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By | Chris Mellor 20th October 2014 14:32

IBM storage revenues sink: 'We are disappointed,' says CEO

Time to put the storage biz up for sale?

IBM's storage revenues are continuing to slump, with the latest overall IBM results causing the abandonment of a long-term earnings/share goal.

IBM's overall revenues for its third 2014 quarter were $22.4bn, down six per cent year-on-year and down 8.2 per cent sequentially.

Net income was $3.5bn; it was $4.1bn in the previous quarter and the same a year ago, meaning a 14.6 per cent decline on both compares.

These numbers are bad, with IBM CEO Ginny Rometty saying: "We are disappointed in our performance. We saw a marked slowdown in September in client buying behavior, and our results also point to the unprecedented pace of change in our industry... we again performed well in our strategic growth areas – cloud, data and analytics, security, social and mobile - where we continue to shift our business. We will accelerate this transformation."

IBM_QUarterly_results

IBM Quarterly results, net income and storage revenues to Q3 2014, showing four years of going nowhere. Moving average trend lines are declining or flat.

All geographies were down. All IBM's business units were down with software revenues below expectations and insufficient productivity in services. The System and Technologies Group showed a 15 per cent revenue decline.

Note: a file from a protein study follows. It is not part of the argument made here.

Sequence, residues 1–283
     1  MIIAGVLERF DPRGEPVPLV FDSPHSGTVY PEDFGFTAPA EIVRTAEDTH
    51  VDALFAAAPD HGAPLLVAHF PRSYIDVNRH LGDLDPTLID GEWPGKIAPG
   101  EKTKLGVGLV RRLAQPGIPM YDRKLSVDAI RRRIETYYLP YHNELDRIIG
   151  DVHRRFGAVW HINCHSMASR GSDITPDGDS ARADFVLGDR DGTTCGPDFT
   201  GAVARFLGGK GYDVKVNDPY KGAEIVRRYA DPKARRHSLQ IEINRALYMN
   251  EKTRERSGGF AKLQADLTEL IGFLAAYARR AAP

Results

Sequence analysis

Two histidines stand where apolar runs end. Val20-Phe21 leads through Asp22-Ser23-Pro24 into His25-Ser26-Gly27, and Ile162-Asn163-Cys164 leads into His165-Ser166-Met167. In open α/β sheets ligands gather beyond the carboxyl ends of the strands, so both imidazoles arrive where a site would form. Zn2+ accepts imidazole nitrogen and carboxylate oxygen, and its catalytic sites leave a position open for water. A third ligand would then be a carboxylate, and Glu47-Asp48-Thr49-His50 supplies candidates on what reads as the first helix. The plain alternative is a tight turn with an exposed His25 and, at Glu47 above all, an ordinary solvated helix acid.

Within that, storage revenues were down six per cent year-on-year.

IM_STorage_Q3_fy2014_results

IBM's quarterly storage hardware results to Q3 fy2014. The moving average trend is downwards.

There was no visibility into individual storage product sales, with no particular products singled out as performing either better or worse than the average.

Is the storage business unit secretly up for sale, following in the footsteps of the the PC, server and microelectronics businesses? IBM is selling off significantly under-performing businesses it can't turn around into growth operations, and storage may now be in that category.

IT paid Global Foundries $1.5bn to take the Microelectronics business. Could storage be disposed of in a similar way, with a cash sweetener?

Analysts on IBM's earnings call asked if these results represented a crisis at IBM. That point wasn't answered directly, but the implication was that it was not. Rometty, who was on the call after not being present on previous ones, said IBM was already investing in higher-growth areas, such as the cloud and software-defined systems, and growth in these areas was good.

Rometty said she'd decided to join the call because IBM was abandoning its long-held 2015 EPS goal of $20/share and, secondly, because of the Global Foundries deal.

Another analyst asked if IBM should split up. No need, was the reply, as IBM itself is divesting under-performing businesses like the microelectronics unit, which is being passed over to Global Foundries.

IBM says it is still acquisitive and is not being managed for decline. Rometty said her message to investors is that "we are re-inventing the business and managing the company for the long term ... Our company is fundamentally better positioned than it was a few years ago."

That's all very well, but we are certain activist investors now running their bean-counting analytics software over IBM and looking to see if there is hidden or depressed value they could unlock though getting involved with Big Blue and shaking it up. Could Big Blue be bigger overall if was split up into smaller Little Blues or more assets sold off? ®

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